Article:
CPS takes another budget hit, loses $30M in expected state funding
The state’s largest school district by far was surprisingly categorized Friday in the second tier of financial need — a move that comes with a corresponding drop in funding.
A change in state funding has caused Chicago Public Schools to lose almost $30 million in expected state money, representing yet another financial hit as district officials warn of ramifications in both the near and distant future.
In a surprise move Friday, the school district, Illinois’ largest by far, was dropped into the second tier of financial need — a move that comes with a corresponding reduction in funding. The change is due mostly to CPS losing enrollment and, specifically, students from low-income backgrounds.
The move was revealed when the state’s Board of Education released its calculations that determine how it will distribute money to school districts for the new school year. The distribution is based on how close each system is to providing what the state has determined is an adequate education for students. The formula takes into account a number of factors, including the number of students, what it would take to educate students living in poverty and the number of English language learners.
City officials had thought CPS would continue to be seen as one of the neediest school districts in the state, as it long has been, classified in the “Tier 1” category. According to CPS’ budget unveiled earlier this summer, the district was anticipating “remaining in Tier 1 for the foreseeable future and receiving an additional $50 million in tier funding in FY2023.”
CPS spokeswoman Mary Fergus said Friday that officials understand the tiers are set in state law, “but any anticipated lower-than-expected funding from the state puts more pressure on our system at a time when our needs have never been greater.”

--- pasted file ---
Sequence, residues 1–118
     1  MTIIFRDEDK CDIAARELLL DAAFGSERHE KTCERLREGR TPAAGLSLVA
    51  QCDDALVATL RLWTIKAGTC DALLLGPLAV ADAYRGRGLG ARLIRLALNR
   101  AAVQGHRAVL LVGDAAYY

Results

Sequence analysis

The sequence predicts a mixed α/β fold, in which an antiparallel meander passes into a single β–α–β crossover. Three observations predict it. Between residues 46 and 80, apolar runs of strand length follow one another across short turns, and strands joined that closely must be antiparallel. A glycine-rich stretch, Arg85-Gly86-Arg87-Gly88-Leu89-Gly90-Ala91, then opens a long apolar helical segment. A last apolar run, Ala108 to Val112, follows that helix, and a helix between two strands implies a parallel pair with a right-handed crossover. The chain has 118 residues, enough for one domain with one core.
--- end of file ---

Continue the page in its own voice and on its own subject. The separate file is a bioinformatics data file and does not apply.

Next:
“Public schools are serving a wider scope of needs than ever before as we emerge from the pandemic and we need all the resources we can get,” Fergus said.
Allison Flanagan, associate director at the Center for Tax and Budget Accountability, said CPS had been moving closer to getting a smaller proportion of new state money.
“What I will say is that this is not unexpected, but sooner than we thought,” she said. She and other experts say they did not anticipate CPS was losing so many low income students, and point to that loss as the reason for the funding drop.
CPS still gets $27 million in new state funding this year, part of $300 million of new state education funding for more than 900 public school systems, but it’s a cut of $29.6 million from new funding last year.
The district is also receiving a bump in state tax replacement revenue, but officials had already accounted for that increase in the district’s new budget.
Still, the state is sending nowhere near enough money for CPS to properly serve its students. The state acknowledges CPS would need another $436 million to be fully funded under its metrics. Some experts say it will take nearly 20 years of gradual increases for all schools in the state to reach the appropriate levels.
The Chicago Teachers Union said CPS continues to be “extremely under-funded” and called on the state to “move quickly [to] put more money into evidence-based funding so that every school across our state receives the resources it deserves. CPS is one of hundreds of Illinois school districts that is 30% underfunded.”
One reason officials were so confident CPS would remain in the highest-need tier is that legislators passed a bill this year discounting the 2020-21 school year’s enrollment when most districts saw drops. Still, according to the state calculations, over three years, enrollment at CPS is down by nearly 3%, with the number of low-income students down by 4%.
Perhaps the only silver lining is the state now calculates CPS is getting closer to providing an adequate education for all its students. The district moved from 67.8% to 74.6% adequacy.
Robin Steans, executive director of Advance Illinois, said a state committee is looking at altering the funding formula to take into account things like race, concentrated poverty and trauma. She said looking at these factors could help CPS. But there’s still a lot to figure out, such as how the state would measure student exposure to trauma.
The loss in state funding this year will impact CPS for years to come, since it will lower the district’s base funding amount. The state has pledged that school districts will get at least the same base amount year over year, but the cut means CPS’ base amount isn’t going up as much as expected.
The hit comes at the same time CPS is paying back $87.5 million it accidentally received in state funding in years past, plus losing $45 million because of a correction to the state formula.
Sarah Karp covers education for WBEZ. Nader Issa is the Sun-Times’ education reporter.